• restraining the respondents from intimidating, harassing, threatening or attacking any of the applicants’ employees.

Six police stations were also cited as respondents and the applicants sought orders compelling the police to assist in the enforcement of the orders. The particular police stations were cited because when the applicants had sought assistance from them to prevent unlawful conduct by the various groups of protesters, they had refused to intervene until the court directed them to do so. The applicants had provided the court with clear evidence of the commission of criminal activities including assault, robbery, hijacking, malicious damage to property, unlawful detention of vehicles, blockage of public roads and inciting violence, in which the police had failed to intervene.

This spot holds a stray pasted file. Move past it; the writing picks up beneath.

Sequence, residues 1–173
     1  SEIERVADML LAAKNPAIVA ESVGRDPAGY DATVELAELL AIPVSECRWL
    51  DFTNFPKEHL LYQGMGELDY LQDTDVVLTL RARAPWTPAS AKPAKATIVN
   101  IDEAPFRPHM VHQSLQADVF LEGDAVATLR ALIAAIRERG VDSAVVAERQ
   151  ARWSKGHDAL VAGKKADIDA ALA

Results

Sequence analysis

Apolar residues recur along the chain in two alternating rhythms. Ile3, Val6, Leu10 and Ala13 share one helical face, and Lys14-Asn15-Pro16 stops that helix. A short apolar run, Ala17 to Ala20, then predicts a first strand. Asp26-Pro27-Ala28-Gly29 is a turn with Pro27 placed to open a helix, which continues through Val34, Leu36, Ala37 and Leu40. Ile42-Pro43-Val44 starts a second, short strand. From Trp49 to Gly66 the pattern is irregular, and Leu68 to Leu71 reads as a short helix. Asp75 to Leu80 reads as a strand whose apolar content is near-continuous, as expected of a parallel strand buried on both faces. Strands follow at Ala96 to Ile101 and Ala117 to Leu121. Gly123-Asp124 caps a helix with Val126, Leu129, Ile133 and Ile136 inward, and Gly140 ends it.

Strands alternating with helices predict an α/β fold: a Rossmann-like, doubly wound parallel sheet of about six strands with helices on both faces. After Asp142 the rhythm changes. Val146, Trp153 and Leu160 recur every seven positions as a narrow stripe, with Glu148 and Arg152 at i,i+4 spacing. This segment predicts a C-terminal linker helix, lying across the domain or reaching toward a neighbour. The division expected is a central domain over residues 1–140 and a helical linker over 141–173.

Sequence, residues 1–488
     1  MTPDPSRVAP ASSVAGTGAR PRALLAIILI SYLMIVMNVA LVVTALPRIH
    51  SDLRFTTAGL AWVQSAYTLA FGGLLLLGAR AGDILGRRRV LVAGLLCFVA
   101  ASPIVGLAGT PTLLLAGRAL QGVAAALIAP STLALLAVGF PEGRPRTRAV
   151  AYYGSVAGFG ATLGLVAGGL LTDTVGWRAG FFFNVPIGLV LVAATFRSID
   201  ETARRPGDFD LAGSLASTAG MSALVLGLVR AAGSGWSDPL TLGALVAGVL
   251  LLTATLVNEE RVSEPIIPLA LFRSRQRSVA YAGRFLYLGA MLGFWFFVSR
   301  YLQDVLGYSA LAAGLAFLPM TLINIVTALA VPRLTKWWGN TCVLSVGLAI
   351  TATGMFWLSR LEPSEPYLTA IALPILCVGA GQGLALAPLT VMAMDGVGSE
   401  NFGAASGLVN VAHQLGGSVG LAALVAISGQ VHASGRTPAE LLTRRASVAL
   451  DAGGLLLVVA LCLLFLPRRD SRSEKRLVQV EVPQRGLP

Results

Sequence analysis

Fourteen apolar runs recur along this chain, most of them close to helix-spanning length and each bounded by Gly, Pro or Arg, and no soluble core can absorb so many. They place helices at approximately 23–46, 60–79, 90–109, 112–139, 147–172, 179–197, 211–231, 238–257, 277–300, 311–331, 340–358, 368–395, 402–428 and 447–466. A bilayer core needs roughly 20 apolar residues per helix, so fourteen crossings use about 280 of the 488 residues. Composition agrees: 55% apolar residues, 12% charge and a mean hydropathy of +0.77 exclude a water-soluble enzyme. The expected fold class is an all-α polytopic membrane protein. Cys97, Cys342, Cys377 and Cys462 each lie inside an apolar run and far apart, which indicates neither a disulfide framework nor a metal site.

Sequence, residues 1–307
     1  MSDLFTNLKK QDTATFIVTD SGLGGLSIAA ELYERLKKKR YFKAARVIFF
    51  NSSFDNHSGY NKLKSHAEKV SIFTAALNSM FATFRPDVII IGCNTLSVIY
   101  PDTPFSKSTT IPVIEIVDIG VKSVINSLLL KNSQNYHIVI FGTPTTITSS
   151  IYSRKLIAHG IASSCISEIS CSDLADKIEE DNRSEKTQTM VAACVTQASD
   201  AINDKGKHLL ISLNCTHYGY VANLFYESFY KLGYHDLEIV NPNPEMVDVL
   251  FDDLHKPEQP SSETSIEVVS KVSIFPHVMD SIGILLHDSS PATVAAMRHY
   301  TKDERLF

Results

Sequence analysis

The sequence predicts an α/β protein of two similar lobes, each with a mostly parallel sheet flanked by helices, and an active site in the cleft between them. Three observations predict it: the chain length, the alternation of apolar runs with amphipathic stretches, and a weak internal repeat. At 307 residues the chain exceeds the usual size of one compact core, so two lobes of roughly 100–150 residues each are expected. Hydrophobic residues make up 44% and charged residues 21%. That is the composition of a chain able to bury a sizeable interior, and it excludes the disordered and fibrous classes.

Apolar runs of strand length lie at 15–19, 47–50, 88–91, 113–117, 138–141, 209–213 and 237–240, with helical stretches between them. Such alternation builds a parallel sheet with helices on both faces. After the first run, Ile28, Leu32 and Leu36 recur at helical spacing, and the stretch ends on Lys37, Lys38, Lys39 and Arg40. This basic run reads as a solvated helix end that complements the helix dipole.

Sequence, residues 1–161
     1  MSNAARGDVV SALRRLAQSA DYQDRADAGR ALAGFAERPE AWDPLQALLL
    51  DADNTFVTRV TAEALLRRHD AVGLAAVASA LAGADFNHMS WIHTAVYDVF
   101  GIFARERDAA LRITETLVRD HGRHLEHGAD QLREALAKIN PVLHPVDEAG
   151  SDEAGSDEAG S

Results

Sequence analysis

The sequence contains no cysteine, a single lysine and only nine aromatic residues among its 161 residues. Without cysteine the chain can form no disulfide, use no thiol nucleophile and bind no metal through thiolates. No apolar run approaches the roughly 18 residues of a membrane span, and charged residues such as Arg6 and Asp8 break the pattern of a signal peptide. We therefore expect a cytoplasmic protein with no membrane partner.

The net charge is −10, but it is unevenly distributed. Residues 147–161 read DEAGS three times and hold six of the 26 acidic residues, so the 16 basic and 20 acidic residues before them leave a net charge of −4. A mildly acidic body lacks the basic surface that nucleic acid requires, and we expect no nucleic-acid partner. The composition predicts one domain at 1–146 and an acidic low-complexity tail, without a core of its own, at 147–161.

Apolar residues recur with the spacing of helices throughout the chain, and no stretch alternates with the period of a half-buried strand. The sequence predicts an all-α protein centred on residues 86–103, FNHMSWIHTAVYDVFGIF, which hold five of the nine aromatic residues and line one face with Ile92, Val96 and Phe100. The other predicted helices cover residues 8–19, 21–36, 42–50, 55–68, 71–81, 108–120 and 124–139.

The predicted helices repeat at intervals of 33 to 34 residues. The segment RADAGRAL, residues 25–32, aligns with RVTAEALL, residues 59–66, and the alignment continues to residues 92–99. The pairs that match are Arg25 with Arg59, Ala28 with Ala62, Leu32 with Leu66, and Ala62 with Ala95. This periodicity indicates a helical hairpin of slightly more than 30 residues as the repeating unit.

The relief was granted but the court was compelled to comment that this was not the first time that it had been confronted with such a response by the South African Police Service. It noted that when matters deserving the maintenance of public order by the police were reported, an immediate response was required.  It was entirely lacking on the part of the police not to act when criminal activity was reported to them. For parties to have to seek an order of court before action was taken on criminal activity would only serve to bring the criminal justice system into disrepute. In response to a request from the applicants that the station commanders ‘be encouraged by the Honourable Court to perform their duties’, the court cautioned of the need to be mindful of the separation of powers. It emphasised that it was not the responsibility of the courts to prevent, combat or investigate crimes and neither was it its function to maintain public order, secure the inhabitants and their property. That was a power and authority constitutionally bestowed on the police in terms of s 205 of the Constitution and it was for the police to ensure that they did what the Constitution obliged them to do. It was, however, the function of the provincial commissioner to encourage them to perform their duties. For this reason, therefore, the court instructed the registrar to bring the judgment to the attention of the Mpumalanga Provincial Commissioner who was to consider whether to institute an inquiry, to consult with the applicants’ legal practitioners for the purpose of fully addressing the complaints raised and to take measures to avoid recurrence of similar complaints in the future.